The L’Aquila earthquake from 6 April, 2009 caused more than 308 fatalities and destroyed about 15,000 buildings. A new initiative set up by the British architect Barnaby Gunning aims on creating a 3D model of the destroyed city in its present state with SketchUp for GoogleEarth. The model will be used for “creating a valuable resourcef for masterplanning the reconstruction”, Gunning states on the project’s homepage. Continue reading “What’s up? The Friday links (3)”
On Wednesday night the Etna on Sicily showed strombolian activity and glowing lava flows were visible from Catania. Don’t miss the great photos here and the webcam of the INGV and EtnaTrekking. This is the first larger eruption since May 2008 and surely one of the most beautiful ones. News coverage with more great videos here.
We invite you to submit an abstract to the special session “Archeoseismology: Learning about Ancient Earthquakes from the Archeological Record” of the Seismological Society of America Annual meeting to be held in Memphis, TN, April 13-15th. This is a reminder that the abstract deadline for the 2011 SSA annual meeting is 5 PM PST on 11 January.
On 4 January, 2011 a partial solar eclipse was visible in Central Europe (up to 80% coverage of the sun). Werner Kraus shot some nice photos through a number of filters, but the best picture surely has been made by Thierry Legault from Muscat, Oman – the partial eclipse with the ISS transiting! Incredible.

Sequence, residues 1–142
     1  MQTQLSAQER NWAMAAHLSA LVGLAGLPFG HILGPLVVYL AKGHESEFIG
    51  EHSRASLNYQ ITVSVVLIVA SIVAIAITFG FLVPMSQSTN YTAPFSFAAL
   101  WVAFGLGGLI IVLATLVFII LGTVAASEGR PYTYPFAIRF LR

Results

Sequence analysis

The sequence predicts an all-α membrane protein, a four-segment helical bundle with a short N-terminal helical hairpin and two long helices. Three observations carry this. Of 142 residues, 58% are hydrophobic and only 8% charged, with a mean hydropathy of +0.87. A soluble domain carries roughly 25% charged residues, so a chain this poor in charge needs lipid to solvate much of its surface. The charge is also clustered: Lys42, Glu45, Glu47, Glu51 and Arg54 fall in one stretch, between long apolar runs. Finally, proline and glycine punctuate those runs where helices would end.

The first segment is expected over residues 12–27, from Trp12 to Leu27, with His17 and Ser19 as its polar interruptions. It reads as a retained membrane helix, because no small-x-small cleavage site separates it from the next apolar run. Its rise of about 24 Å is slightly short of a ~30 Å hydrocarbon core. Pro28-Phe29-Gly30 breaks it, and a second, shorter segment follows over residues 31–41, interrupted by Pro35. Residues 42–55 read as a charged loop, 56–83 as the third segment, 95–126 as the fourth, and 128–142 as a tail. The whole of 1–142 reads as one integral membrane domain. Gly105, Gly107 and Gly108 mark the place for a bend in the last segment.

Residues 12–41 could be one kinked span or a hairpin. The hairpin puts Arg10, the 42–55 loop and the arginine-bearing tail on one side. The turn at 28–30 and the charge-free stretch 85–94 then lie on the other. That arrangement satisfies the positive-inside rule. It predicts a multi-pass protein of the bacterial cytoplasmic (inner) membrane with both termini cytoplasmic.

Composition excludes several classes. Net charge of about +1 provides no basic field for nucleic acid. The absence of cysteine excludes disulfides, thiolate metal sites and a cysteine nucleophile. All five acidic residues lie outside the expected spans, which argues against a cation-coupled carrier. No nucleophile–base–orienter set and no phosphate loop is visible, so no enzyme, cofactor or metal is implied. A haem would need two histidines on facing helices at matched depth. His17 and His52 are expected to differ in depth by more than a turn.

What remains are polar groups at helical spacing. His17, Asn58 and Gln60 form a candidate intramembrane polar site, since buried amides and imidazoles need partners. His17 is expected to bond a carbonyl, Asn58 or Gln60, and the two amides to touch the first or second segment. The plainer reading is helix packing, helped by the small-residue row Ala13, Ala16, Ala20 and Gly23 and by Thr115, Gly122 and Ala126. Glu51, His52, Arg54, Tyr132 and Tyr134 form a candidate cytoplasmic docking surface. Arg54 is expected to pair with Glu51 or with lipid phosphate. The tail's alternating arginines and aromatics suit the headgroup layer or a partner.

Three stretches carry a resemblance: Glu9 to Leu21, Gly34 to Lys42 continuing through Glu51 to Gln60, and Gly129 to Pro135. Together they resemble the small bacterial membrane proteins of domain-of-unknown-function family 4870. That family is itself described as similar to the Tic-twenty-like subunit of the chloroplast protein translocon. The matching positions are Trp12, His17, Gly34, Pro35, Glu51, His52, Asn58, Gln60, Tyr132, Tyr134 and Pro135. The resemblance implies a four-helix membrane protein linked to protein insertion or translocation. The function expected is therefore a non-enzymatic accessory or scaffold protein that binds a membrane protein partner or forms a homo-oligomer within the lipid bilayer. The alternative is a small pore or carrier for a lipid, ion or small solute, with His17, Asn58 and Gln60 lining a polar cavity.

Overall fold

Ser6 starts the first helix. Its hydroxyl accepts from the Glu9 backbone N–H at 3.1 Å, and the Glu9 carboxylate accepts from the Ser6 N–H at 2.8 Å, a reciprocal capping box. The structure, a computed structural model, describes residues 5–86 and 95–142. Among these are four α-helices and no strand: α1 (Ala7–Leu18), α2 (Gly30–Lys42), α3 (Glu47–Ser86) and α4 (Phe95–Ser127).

The online science magazine “spektrumdirekt” reports on the archeoseismological and paleoseismological studies in Baelo Claudia, Southern Spain. The article focusses on tsunami hazard in the Mediterranean region and the two earthquakes that devastated the Roman town of Baelo Claudia hundreds of years ago. Continue reading ““spektrumdirekt” reports on archeoseismology”
Paleoseismicity.org wishes you happy holidays and a happy new year! Be aware of snow avalanches and don’t get stuck in the winter traffic!
We are looking forward to seeing you in warm and sunny Corinth.
Paleoseismology and archeoseismology do only rarely appear in the curriculae of geoscience studies. Those topics will be covered in courses on tectonics and structural geology in most universities. Practical courses that allow applying the knowledge in the field can be a very good supplement, but in Germany, active faults are rare. RWTH Aachen University therefore organized a field trip to Greece, where active faults, fault scarps, archeological sites and beautiful outcrops are omnipresent.
The Bulletin of the Seismological Society of America has published a Special Issue on the 2008 Wenchuan, China, Earthquake. This event, also known as the Sichuan Earthquake, was one of the most devastating natural disasters in the last decade. On 12 May, 2008, an earthquake with a magnitude of Mw7.9 happened on the Beichuan fault, leaving at least 69,000 people dead and millions homeless. It is estimated that some $140 billion will be needed to rebuild the damaged infrastructure and houses. Continue reading “BSSA Special Issue on the Wenchuan Earthquake”
The EGU General Assembly 2011 will take place in Vienna from April, 3 – 8. Deadline for financial support is December, 3. Young scientist can apply for support to attend the meeting, see here for details. Abstract submission is possible online until January, 10. Please note that due to the increasing number of no-shows in the last meetings the EGU committee decided to introduce an abstract submission fee of 40€! In exchange, the registration is 40€ cheaper. Pre-registration will be possible until February, 28. Continue reading “EGU2011 Vienna”
M. Sintubin, I.S. Stewart, T. Niemi & E. Altunel, Eds., Geological Society of America Special Papers 471, 280 p., 2010 (ISBN 9780813724713)